Safaricom’s End Game? Smart Mobile Internet “Things”
Safaricom is a tough act to follow. It’s a company that has been remarkably successful for the past decade or so as Kenya’s leading mobile network. It has over 20 million subscribers and in excess of 15 million M-Pesa users. Over 8 million mobile subscribers use Safaricom as their main Internet Service Provider (ISP). Safaricom absolutely dominates the mobile market in Kenya in all its myriad forms. Yes. Safaricom is a tough act to follow.
If anyone thought that Safaricom ever plans to rest on its laurels and give up some of its dominant market leadership, I would like to correct them of any illusions they may have through this blog post. You see, there are several new insights that came to my attention this past week about Safaricom, that only serve to reinforce the view that its going to be business as usual, which basically means its market leadership will continue.
The first is that during an event this past week, a statistic was shared that 30% of mobile devices now being sold in Kenya are smartphones. This is really impressive since around a year ago, this number was probably under 10% of ALL mobile devices being sold in Kenya. The second insight was finding out that Safaricom saw a 500% increase in the number of smartphones using its network from a year ago – this growth is quite simply eye-popping! The last thing is finding out that Safaricom intend to stop selling feature phones at their retail stores soon so that they can focus on smartphones exclusively (yes, really!). This last revelation is quite startling since Safaricom has a reputation of being the “Mwananchi’s” mobile network which meant being focussed on the bottom and middle of the pyramid. In fact, you could say that Safaricom IS the “people’s choice” in spite of erratic services which at times are much worse than those of its competitors (yes, we all know about the regularly dropped calls and M-Pesa outages).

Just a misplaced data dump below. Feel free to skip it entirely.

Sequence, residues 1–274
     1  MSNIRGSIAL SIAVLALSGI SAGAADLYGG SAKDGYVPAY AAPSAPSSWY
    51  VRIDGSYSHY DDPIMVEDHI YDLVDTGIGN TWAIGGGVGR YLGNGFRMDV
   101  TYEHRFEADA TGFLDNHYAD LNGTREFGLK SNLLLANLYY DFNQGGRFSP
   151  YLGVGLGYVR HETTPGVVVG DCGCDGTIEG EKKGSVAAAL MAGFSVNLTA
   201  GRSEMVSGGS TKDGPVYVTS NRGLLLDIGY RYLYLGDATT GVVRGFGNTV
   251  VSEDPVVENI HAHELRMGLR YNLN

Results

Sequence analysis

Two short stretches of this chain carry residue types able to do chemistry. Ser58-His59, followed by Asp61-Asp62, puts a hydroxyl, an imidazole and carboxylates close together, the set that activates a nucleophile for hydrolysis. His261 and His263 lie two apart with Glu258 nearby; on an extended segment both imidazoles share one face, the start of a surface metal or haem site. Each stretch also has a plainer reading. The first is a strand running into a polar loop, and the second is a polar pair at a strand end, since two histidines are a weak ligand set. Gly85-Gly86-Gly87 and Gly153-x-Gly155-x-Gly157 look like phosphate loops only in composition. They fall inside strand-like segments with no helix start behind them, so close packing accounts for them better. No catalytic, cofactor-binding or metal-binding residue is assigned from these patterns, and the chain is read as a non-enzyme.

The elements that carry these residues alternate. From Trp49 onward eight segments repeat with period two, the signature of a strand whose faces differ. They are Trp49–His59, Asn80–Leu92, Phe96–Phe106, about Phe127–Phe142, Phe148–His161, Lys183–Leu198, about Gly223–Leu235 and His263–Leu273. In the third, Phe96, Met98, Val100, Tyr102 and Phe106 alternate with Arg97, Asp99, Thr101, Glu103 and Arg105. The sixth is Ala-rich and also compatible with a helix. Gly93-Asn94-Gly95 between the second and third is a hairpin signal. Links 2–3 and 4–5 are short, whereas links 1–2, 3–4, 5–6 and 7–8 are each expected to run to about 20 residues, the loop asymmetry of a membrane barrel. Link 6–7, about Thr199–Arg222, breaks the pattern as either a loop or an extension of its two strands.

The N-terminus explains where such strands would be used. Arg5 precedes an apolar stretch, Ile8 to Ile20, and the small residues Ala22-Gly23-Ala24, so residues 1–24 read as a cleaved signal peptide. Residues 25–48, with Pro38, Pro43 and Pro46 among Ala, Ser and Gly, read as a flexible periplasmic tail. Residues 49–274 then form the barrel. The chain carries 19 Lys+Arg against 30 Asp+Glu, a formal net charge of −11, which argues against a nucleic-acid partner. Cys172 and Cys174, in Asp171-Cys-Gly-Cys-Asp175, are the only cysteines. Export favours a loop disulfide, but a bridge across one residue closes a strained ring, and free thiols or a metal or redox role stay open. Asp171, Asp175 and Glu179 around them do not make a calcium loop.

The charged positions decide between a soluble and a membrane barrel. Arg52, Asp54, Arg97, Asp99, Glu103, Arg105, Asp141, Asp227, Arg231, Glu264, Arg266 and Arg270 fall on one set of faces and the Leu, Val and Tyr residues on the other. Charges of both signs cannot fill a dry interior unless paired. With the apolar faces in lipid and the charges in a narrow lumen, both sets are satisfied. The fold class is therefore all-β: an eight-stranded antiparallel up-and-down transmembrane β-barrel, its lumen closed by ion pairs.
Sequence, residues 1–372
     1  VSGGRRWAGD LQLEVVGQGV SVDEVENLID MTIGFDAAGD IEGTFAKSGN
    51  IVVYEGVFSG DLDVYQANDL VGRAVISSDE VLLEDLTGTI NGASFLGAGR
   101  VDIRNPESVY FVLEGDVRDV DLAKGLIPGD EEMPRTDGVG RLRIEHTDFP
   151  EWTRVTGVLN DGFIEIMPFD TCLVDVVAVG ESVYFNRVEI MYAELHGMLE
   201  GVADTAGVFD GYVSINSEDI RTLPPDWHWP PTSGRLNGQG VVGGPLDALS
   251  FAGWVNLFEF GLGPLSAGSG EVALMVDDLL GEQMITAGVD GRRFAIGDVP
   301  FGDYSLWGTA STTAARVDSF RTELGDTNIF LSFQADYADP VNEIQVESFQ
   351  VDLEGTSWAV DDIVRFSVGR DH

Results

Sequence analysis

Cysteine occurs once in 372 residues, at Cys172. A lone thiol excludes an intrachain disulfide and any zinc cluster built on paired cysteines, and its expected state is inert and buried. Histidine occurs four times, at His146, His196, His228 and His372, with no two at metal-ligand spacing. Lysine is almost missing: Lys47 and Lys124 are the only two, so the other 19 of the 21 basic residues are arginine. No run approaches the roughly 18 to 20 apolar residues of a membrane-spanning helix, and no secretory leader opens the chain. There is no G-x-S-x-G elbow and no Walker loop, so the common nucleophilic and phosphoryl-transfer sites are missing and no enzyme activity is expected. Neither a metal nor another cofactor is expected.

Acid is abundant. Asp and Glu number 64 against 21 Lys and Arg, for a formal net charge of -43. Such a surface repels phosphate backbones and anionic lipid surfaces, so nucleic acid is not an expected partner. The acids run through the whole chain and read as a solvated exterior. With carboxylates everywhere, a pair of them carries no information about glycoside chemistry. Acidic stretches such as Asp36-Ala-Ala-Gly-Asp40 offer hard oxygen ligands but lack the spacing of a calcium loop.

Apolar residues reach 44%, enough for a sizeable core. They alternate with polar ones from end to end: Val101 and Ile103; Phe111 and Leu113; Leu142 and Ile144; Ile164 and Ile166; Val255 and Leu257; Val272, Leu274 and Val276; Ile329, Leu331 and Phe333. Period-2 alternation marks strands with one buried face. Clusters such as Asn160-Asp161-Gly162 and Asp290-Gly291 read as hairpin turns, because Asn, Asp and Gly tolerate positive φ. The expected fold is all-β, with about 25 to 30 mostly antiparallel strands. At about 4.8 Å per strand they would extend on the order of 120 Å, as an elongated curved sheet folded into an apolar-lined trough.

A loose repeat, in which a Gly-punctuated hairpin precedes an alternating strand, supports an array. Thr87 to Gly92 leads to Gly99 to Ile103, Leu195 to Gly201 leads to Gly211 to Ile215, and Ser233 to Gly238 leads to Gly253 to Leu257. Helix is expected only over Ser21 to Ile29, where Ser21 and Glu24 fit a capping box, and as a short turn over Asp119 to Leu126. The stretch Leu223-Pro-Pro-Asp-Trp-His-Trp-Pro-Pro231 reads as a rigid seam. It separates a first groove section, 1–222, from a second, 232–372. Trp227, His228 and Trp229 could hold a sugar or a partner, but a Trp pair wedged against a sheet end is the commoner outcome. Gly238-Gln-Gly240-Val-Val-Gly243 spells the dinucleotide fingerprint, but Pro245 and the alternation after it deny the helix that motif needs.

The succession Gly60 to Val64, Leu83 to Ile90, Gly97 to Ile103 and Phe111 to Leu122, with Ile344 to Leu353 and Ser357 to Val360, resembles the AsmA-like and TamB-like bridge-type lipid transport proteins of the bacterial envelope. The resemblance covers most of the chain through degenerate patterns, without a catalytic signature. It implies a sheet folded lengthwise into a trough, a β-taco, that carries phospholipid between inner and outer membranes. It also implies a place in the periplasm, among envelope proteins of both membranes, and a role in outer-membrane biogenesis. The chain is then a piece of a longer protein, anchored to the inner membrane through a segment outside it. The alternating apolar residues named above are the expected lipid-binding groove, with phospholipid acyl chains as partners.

It does not end there. There have been rumours for sometime now that Safaricom is planning to launch a branded mobile app store to sell mobile apps to its massive subscriber base who would the use M-Pesa and Airtime to pay for mobile apps. This initiative has apparently shifted into high gear and the Safaricom mobile app store is going live any day now, which actually validates its decision to focus on smartphones, and, presumably tablets by extension.
The above rationale totally makes sense since entry-level smartphones now cost less than Kes. 8,000.00 in Kenya after the success of the Huawei IDEOs selling more than 400,000 units in Kenya over the last couple of years. We are now hearing rumours that a Kes. 4,000.00 Android Smartphone will be in the offing from Safaricom before the end of the year. We are also seeing entry-level tablets approaching the Kes. 10,000.00 mark which is hugely impressive by any measure.
Safaricom placed its bets early on data when it secured the first 3G license in Kenya a few years ago as its competitors balked at the massive cost – which led to Safaricom becoming Kenya’s first and currently largest 3G network. Even though Safaricom probably has the most expensive 3G service in Kenya, with no unlimited packages on offer, it still has the largest number of Internet users in the country.
As Safaricom’s voice revenues start to decline and growth from M-Pesa will eventually hit a plateau, the reality is that data is the future for mobile networks globally and nothing consumes data like smart mobile internet “things” such as smartphones and tablets. This is what Safaricom is banking on and even before we can start talking about 4G in Kenya, we can rest assured that the uptake of 3G via smart mobile internet things is only going to get bigger. In concluding, here we go again, Safaricom, and quite possibly, this could be the start of the end game for its competitors.